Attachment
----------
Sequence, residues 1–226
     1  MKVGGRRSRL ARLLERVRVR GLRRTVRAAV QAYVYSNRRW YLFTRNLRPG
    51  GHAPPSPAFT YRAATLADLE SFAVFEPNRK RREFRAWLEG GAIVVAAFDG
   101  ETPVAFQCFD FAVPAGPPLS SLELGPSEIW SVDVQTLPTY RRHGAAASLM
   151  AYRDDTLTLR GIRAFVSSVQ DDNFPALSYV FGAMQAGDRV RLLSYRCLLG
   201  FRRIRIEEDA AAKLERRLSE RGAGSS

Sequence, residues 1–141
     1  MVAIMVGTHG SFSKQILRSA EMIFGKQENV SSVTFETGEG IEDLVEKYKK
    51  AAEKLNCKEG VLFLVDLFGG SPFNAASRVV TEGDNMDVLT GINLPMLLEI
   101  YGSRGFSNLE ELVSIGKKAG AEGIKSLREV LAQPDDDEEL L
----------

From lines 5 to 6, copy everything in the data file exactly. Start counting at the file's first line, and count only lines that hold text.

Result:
   151  AYRDDTLTLR GIRAFVSSVQ DDNFPALSYV FGAMQAGDRV RLLSYRCLLG
   201  FRRIRIEEDA AAKLERRLSE RGAGSS